For health providers
You are here
Understanding the drivers of the HIV epidemic among gay and bisexual men in BC
Jul 18, 2014 by Mark Gilbert, Physician Epidemiologist, Clinical Prevention Services, BCCDC
This week, the Office of the Provincial Health Officer in collaboration with the BC Centre for Disease Control released a report titled “HIV, Stigma and Society”. The report examines the underlying drivers of the current HIV epidemic among gay and bisexual men* in BC, in order to understand why new HIV diagnoses in this population have not declined as they have in other groups affected by HIV in the province.
This report reviews current trends and examines the influence of factors at multiple-levels on HIV trends among gay and bisexual men* in BC, including:
- behavioural and biological (such as condom use, viral load),
- community and relationships (such as mental health, intimacy, sexual networks), and
- societal and structural levels (such as stigma, marginalization, access to appropriate health care).
The report also uses a population health approach which focuses on the “upstream” factors that influence the health of gay and bisexual men* in BC.
The report includes a series of 15 recommendations for HIV prevention that target drivers at each level. These recommendations were contributed by two advisory groups made up of gay men’s health and HIV prevention leaders from community organizations, public health agencies, clinical services, and research.
In addition, the advisory groups identified groups of gay and bisexual men* where additional efforts would be needed, including:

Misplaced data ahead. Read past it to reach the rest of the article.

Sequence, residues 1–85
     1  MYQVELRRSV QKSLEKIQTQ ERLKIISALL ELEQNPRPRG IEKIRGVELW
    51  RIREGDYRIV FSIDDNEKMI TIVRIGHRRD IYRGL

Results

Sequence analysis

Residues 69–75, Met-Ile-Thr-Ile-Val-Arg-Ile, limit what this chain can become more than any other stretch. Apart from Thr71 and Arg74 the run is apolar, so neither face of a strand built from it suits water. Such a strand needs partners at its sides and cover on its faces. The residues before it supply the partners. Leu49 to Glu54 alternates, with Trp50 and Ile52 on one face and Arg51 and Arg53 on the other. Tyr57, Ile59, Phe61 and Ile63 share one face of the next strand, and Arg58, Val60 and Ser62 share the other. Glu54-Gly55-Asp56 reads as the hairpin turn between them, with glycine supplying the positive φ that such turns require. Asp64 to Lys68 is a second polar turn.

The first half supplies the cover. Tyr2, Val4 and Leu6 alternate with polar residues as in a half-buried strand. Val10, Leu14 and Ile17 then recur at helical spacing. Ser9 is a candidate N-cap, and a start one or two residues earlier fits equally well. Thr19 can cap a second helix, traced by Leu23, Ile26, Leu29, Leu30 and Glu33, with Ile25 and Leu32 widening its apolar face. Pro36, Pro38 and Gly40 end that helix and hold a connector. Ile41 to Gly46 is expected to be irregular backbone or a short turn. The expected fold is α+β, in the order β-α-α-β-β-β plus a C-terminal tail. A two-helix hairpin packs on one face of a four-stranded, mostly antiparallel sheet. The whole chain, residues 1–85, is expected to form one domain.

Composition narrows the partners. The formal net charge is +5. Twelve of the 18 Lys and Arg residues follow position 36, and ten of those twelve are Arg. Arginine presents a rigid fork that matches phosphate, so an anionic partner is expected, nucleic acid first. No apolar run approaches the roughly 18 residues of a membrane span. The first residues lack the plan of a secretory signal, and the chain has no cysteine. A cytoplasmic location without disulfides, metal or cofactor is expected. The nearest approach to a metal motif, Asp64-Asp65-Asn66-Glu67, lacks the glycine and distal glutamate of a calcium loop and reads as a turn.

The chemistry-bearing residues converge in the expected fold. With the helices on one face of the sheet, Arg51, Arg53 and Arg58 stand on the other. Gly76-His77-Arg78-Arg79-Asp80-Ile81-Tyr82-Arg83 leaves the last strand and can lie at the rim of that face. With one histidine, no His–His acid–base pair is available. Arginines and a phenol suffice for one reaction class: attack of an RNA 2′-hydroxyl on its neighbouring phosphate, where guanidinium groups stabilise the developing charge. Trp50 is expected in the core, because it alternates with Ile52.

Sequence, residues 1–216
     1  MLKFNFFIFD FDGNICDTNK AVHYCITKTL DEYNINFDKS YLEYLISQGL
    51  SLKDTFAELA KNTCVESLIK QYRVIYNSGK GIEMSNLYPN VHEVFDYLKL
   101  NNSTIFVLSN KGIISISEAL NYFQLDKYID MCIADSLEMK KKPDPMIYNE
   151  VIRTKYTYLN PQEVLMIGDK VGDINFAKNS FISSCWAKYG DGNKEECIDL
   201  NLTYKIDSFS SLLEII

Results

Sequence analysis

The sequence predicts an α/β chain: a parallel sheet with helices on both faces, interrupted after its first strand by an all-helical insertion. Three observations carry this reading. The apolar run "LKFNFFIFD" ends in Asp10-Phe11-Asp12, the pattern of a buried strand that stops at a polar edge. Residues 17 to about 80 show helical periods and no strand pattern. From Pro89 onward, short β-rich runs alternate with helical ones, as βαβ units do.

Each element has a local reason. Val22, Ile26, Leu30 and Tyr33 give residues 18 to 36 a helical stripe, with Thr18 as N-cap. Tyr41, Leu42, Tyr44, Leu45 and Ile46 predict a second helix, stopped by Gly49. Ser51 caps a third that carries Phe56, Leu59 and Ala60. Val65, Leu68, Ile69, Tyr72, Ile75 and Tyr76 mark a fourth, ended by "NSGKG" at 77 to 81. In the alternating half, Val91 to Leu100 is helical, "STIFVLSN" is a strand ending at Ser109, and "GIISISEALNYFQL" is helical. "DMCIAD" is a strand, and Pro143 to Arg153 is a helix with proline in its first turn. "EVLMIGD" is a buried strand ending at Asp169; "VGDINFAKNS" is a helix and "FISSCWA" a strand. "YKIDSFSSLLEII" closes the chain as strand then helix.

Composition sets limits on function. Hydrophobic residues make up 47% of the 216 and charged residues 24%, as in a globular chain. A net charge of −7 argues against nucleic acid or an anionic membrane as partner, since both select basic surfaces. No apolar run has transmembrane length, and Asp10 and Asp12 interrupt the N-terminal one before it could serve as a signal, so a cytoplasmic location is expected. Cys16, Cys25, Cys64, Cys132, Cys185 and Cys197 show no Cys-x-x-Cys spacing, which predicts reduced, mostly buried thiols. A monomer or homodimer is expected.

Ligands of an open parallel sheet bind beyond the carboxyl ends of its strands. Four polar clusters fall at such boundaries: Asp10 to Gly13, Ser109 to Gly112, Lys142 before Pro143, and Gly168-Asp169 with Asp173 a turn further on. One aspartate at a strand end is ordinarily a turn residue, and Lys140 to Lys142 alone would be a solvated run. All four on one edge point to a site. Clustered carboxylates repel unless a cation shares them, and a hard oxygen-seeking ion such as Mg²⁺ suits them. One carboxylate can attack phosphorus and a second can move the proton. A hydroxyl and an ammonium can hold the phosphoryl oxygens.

- HIV-positive men,
- Aboriginal and Two-spirited men,
- other ethnocultural minority men,
- young gay and bisexual men,
- men in active sexual networks, and
- men in suburban, rural and remote regions of the province.
The PHO identified six priority recommendations for immediate attention in order to renew HIV prevention among gay and bisexual men* in BC:
- Development of a comprehensive provincial health strategy for gay and bisexual men, which addresses the drivers of poor health status, including HIV.
- Collaboration of the Ministries of Health and Education and key stakeholders on the development of a comprehensive sexual and reproductive health education strategy for BC.
- Using the From Hope to Health Framework, develop a strategy to improve and expand access to timely HIV and STI diagnosis, treatment and support for gay and bisexual men.
- As part of the Healthy Minds, Health People 10-year plan, develop a strategy to better meet gay and bisexual men’s health care needs related to mental health and problematic substance use.
- Ensure that prosecutorial guidelines incorporate the best available evidence on HIV transmission risk, and that prosecutorial decisions regarding criminal charges for possible transmission of HIV are based on an assessment of whether prevention of HIV transmission could be achieved in other ways (e.g., through public health legislation).
- Support or initiate monitoring and research to identify changes in the population of gay and bisexual men, address gaps in understanding, and evaluate intervention programs, targets and approaches for implementing and expanding promising strategies for HIV prevention.
Currently, gay and bisexual men* make up over half of all new diagnoses each year and represent the largest group of people living with HIV in BC. To further reduce HIV incidence in BC requires a meaningful reduction in incidence in this population. This report provides guidance for renewing HIV prevention for gay and bisexual men* such that this goal can be achieved.
* The report uses the term “gay and bisexual men” which is defined as men who have romantic or sexual relationships with other men, regardless of their own sexual or gender identity. This is used instead of the term “men who have sex with men” or MSM.
For more information
Provincial Health Officer’s Annual Report. HIV, Stigma and Society: Tackling a Complex Epidemic and Renewing HIV Prevention for Gay and Bisexual Men in British Columbia. July 2014.
Categories: New knowledge